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We present results from a three-dimensional Babcock–Leighton dynamo model that is sustained by the explicit emergence and dispersal of bipolar magnetic regions (BMRs). On average, each BMR has a systematic tilt given by Joy’s law. Randomness and nonlinearity in the BMR emergence of our model produce variable magnetic cycle.
However, when we allow for a random scatter in the tilt angle to mimic the observed departures from Joy’s law, we find more variability in the magnetic cycles. We find that the observed standard deviation in Joy’s law of 15 degrees produces a variability comparable to observed solar cycle variability of ∼ 32%, as quantified by the sunspot number maxima between 1755–2008. We also find that tilt angle scatter can promote grand minima and grand maxima. The time spent in grand minima for a scatter of 15 degrees is somewhat less than that inferred for the Sun from cosmogenic isotopes (about 9% compared to 17%). However, when we double the tile angle scatter to 30 degrees, the simulation statistics are comparable to the Sun (∼18% of the time in grand minima and ∼ 10% in grand maxima). Though the Babcock–Leighton mechanism is the only source of poloidal field, we find that our simulations always maintain magnetic cycles even at large fluctuations in the tilt angle. Furthermore, we find that moderate scatter in the tilts can enhance the efficiency of the dynamo, giving rise to stronger mean fields. We also demonstrate that tilt quenching is a viable and efficient mechanism for dynamo saturation; a suppression of the tilt by only 1-2 degrees is sufficient to limit the dynamo growth. Thus, any potential observational signatures of tilt quenching in the Sun may be subtle.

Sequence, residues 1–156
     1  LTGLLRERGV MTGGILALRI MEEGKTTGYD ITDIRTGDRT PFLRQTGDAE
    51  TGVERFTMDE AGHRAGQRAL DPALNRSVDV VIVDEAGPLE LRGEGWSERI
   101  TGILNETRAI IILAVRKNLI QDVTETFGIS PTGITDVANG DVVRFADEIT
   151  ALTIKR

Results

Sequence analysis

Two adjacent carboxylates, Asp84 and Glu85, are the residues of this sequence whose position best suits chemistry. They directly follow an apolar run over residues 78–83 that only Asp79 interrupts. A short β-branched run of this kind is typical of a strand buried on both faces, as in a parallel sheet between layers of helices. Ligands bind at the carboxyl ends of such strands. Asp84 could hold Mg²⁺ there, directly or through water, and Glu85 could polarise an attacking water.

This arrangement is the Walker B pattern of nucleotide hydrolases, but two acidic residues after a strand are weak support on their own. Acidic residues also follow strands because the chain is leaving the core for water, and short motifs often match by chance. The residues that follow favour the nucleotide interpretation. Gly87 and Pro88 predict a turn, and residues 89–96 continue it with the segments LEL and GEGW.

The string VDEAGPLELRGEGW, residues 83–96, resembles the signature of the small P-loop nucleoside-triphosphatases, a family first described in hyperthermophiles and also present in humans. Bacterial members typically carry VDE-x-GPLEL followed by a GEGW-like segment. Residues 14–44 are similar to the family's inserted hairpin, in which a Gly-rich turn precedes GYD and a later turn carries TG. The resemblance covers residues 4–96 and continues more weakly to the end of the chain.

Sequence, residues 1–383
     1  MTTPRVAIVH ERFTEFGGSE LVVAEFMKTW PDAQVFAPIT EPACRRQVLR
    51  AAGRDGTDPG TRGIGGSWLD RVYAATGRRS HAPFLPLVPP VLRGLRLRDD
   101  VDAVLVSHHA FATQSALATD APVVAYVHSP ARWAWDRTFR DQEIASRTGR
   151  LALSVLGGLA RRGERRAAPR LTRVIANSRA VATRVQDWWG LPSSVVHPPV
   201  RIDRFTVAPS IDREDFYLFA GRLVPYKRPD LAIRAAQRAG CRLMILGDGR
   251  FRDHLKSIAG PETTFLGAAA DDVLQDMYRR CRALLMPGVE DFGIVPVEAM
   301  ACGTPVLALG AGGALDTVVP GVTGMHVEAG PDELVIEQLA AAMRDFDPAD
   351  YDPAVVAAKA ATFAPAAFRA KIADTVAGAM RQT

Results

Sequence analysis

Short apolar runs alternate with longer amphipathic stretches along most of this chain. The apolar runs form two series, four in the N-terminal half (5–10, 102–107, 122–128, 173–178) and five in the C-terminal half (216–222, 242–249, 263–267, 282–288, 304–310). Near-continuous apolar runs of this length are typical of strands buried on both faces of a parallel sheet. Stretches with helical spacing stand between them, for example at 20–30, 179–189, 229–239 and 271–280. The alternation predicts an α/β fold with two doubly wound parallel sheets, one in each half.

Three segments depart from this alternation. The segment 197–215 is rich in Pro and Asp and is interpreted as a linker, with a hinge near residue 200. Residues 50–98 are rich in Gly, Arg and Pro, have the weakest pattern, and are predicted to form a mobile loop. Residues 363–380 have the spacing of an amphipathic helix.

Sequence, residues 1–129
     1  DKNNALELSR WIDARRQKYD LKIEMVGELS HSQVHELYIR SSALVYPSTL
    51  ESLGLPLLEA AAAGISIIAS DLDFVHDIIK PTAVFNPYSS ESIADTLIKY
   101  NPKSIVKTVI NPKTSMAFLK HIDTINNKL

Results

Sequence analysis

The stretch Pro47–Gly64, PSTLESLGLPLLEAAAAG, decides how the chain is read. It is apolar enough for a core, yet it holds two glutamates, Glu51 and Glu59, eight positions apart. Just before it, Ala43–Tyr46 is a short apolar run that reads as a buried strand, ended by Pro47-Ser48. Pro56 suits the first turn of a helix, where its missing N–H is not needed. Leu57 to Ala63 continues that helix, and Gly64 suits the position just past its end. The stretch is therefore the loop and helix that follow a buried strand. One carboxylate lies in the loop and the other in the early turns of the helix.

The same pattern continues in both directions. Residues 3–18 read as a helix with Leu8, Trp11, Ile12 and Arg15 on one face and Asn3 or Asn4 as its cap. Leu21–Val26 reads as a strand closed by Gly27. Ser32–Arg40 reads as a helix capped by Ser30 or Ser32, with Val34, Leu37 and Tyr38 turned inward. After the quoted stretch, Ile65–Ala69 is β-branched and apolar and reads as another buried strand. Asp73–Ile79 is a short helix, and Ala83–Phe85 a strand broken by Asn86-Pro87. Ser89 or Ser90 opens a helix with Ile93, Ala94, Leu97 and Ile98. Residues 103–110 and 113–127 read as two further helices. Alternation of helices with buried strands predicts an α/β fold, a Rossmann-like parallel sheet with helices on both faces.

Submitted to Astrophysical Journal March 8, 2017.